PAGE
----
There’s a new face on the Brooklyn graffiti scene – literally. Jorit Agoch, a street artist known for his hyperrealist paintings depicting the human face, has a new mural in Williamsburg. His portrait of a boy named Camillo can be seen on North 10th Street, between Bedford Avenue and Driggs.
Agoch’s work has brought him to every corner of the globe – baggy sweatpants, colorful kicks, and all. His trademark faces can be seen in Cuba, Europe, and Africa, and are distinguishable by their stunning semblance to reality, the acute emotion they exude, and the soft, red amber lines that run across their cheeks. He calls the lines a “signature” that tell people “that’s my work.”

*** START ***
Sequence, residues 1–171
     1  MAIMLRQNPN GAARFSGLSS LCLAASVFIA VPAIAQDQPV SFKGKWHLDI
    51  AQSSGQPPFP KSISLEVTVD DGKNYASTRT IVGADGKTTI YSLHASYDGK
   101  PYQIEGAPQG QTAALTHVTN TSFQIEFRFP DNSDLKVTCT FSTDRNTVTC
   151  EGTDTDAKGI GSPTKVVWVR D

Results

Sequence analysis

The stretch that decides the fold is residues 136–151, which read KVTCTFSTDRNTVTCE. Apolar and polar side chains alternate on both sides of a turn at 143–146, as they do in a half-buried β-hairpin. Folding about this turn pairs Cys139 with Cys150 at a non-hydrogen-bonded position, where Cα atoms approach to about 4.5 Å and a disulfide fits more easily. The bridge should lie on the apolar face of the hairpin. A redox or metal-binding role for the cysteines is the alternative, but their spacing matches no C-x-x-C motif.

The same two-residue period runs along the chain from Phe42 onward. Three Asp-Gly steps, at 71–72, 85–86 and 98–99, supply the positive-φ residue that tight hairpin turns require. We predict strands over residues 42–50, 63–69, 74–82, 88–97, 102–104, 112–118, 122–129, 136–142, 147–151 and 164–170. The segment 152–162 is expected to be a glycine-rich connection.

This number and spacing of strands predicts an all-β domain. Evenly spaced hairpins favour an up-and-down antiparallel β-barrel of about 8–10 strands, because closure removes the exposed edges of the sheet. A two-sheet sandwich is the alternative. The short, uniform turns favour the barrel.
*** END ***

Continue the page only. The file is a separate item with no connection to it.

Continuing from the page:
Agoch has two pieces in Bushwick, one of a young girl and the other of hip-hop icon and Roots member Questlove. A fourth New York mural, located in the Bronx, features local rap legend Afrika Bambaataa.
“I paint the face because I like the emotion the face gives to the people,” he said when asked about the inspiration behind his art. “When somebody sees a big face they feel very emotional things inside.”